Cheerless Cities: Gustavo Acosta's Paintings


Gustavo Acosta is a painter of cities—Havana (his hometown), Miami (his home away from home), New York (the art capital of America), and, unexpectedly, Aleppo, a somewhat more foreign, ancient city, said to be the heart of the Syrian civil war. Under siege since 2012, much of it has been reduced to rubble. I think that Acosta’s paintings mean to suggest that the other cities—the North American cities, New York and Miami, with their ultra-modern buildings, and Havana, with its more old-fashioned buildings, are also disaster areas—environments unfit to live in, dangerous to one’s physical and mental health, if not as self-evidently as Aleppo. Indeed, there is something unhealthy—certainly ominous, as though a portent of trouble—about the shadow that repeatedly falls on sections of his cities, blocking them out, relegating them to oblivion, certainly putting them under erasure, to use the fancy deconstructionist term for repression. For Freud to repress something is to put it out of consciousness, relegate it to the unconscious, where it becomes charged with emotion, and with that becomes inescapably haunting: Acosta is haunted by his cities, unable to escape them, and the shadow that he casts on them suggests that they are cheerless, depressing places. It is in effect the shadow of death, falling on their buildings, stalking their streets, sometimes without people, suggesting that the city is uninhabitable. Acosta’s buildings are empty shells, his city is a sort of Potemkin’s village, all façade, all anonymous surface with nothing substantial behind it, that is, no depth let alone expressive resonance—except that afforded by the fatal shadow. His paintings are pessimistic takes on the modern city, perhaps on the urban environment as such. De-realizing the city by way of the darkness that infiltrates and infects it, he is fatalistically resigned to its reality.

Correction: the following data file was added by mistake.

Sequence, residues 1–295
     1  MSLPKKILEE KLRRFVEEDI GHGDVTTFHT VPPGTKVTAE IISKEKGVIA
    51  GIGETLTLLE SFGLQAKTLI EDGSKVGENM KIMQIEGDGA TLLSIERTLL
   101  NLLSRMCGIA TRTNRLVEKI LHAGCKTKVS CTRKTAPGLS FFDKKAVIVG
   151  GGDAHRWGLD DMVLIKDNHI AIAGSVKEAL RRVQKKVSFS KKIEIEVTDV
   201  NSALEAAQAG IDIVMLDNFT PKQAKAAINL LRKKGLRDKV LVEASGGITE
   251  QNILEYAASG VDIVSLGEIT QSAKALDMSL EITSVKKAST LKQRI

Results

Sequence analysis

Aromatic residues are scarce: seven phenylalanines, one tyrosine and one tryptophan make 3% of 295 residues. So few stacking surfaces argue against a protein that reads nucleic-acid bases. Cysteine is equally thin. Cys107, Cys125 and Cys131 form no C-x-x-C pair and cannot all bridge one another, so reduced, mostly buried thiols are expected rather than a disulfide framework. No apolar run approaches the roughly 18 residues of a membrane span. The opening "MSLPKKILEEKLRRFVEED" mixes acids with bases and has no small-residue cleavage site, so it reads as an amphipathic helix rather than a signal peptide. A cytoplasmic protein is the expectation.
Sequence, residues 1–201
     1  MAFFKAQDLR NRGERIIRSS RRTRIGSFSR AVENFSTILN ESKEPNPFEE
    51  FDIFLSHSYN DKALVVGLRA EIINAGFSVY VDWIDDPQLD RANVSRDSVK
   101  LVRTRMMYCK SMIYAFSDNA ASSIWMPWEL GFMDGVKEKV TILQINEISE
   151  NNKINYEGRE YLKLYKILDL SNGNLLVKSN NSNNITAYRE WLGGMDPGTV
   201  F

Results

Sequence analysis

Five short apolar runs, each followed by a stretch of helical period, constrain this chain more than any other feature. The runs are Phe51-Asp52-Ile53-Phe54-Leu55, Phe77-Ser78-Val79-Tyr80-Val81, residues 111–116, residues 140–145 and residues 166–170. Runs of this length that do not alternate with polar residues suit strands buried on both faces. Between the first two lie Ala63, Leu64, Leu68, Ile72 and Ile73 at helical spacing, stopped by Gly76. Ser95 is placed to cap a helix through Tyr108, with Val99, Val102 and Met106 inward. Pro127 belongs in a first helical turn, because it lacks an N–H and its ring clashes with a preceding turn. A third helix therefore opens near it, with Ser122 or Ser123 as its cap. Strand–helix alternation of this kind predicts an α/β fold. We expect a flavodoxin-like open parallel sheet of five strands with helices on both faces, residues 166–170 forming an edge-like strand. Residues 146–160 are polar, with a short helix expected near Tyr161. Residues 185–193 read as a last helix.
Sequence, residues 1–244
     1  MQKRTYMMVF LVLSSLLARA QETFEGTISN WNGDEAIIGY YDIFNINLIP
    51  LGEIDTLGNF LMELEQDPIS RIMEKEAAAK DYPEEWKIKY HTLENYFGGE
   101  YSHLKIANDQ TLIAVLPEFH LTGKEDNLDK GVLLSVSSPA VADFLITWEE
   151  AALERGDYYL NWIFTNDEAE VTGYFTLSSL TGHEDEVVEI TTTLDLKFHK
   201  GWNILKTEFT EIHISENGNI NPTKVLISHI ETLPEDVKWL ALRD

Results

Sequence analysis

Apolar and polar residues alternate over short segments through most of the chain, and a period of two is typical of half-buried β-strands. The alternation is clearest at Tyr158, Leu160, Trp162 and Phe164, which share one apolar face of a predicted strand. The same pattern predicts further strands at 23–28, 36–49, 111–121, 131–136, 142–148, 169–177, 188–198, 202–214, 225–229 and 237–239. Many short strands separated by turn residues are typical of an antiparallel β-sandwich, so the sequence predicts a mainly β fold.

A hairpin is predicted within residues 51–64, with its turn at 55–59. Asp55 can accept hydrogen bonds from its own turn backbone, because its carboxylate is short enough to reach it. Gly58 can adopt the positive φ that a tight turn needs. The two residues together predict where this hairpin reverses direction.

A rectangular shadow obscures the buildings on the right side of The Replacement, 2017, a square painting. The horizontal Sixteen Flags and a Tropical Landscape, 2017 is divided into dark and light halves, each a square. A dark square obscures the center of the rectangular Eclipse, 2017, perhaps the most telling of Acosta’s titles. The square is flanked by two rectangles, each the same size, suggesting that the painting is a kind of altarpiece. Almost all of The Shortcut, 2017, a vertical painting, is blocked out by a vertical shadow. The Collection, 2017, a horizontal painting, is a patchwork—a sort of checkerboard—of dark and luminous squares, eight dark and four luminous, indicating the dominance of shadow over light. The Golden Book, 2016, a slightly off-square painting, is two thirds shadow, one third light. A vertical black band shrouds the center of Catalog of Missing Parts I, 2017, a square painting. Catalog of Missing Parts II, 2017, also a square painting, has a black square in the lower left corner, and a black frame, implicitly a square, contains a small luminous square in the upper right corner. The horizontal Auto de Fe, 2017 is divided in half, the lower half black, the upper half white, the fiery auto de fe occurring in the lower black half. A hazy yellowish square, containing a cross, dominates the space of Introduction, 2017, and an atmospheric square, containing a high rise building, dominates the space in Pending Plan II, also 2017. In both works darkness is relegated to a rectangular band, connected at one corner to a red band, the red looking ashen, as though it were the embers of a fire. In all the paintings one sees the city as though through a glass darkly, to use the biblical phrase. The point is made conspicuously clear in A Sound in the Distance, 2017, a grand horizontal work in which almost all the city is consumed by darkness, becomes a sort of ashen wasteland, apart from a narrow band, in what seems like fading grayish light, at the top of the painting, perhaps suggesting that there is still something heavenly about the city, or at least in one’s fading memory of it.